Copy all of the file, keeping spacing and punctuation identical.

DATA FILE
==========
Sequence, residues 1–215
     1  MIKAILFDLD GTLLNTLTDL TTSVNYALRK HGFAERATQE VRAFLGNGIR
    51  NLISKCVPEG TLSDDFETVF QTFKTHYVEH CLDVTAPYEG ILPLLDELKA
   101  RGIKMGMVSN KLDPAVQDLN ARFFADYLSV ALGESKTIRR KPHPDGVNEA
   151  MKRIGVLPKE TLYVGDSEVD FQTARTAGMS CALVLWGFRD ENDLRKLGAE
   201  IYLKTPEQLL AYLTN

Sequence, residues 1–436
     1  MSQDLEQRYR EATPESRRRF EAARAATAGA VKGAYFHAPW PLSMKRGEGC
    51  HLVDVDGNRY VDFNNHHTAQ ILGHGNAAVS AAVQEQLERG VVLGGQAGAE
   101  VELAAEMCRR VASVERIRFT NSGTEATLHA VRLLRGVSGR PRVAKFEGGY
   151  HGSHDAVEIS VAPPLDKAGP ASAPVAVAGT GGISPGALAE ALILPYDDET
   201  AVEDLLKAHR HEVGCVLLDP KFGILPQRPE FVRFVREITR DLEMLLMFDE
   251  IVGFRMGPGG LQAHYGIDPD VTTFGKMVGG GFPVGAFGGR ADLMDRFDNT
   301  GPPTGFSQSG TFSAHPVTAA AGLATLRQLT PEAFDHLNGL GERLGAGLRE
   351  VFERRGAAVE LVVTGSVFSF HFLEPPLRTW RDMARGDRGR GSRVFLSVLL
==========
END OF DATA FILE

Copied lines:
Sequence, residues 1–215
     1  MIKAILFDLD GTLLNTLTDL TTSVNYALRK HGFAERATQE VRAFLGNGIR
    51  NLISKCVPEG TLSDDFETVF QTFKTHYVEH CLDVTAPYEG ILPLLDELKA
   101  RGIKMGMVSN KLDPAVQDLN ARFFADYLSV ALGESKTIRR KPHPDGVNEA
   151  MKRIGVLPKE TLYVGDSEVD FQTARTAGMS CALVLWGFRD ENDLRKLGAE
   201  IYLKTPEQLL AYLTN

Sequence, residues 1–436
     1  MSQDLEQRYR EATPESRRRF EAARAATAGA VKGAYFHAPW PLSMKRGEGC
    51  HLVDVDGNRY VDFNNHHTAQ ILGHGNAAVS AAVQEQLERG VVLGGQAGAE
   101  VELAAEMCRR VASVERIRFT NSGTEATLHA VRLLRGVSGR PRVAKFEGGY
   151  HGSHDAVEIS VAPPLDKAGP ASAPVAVAGT GGISPGALAE ALILPYDDET
   201  AVEDLLKAHR HEVGCVLLDP KFGILPQRPE FVRFVREITR DLEMLLMFDE
   251  IVGFRMGPGG LQAHYGIDPD VTTFGKMVGG GFPVGAFGGR ADLMDRFDNT
   301  GPPTGFSQSG TFSAHPVTAA AGLATLRQLT PEAFDHLNGL GERLGAGLRE
   351  VFERRGAAVE LVVTGSVFSF HFLEPPLRTW RDMARGDRGR GSRVFLSVLL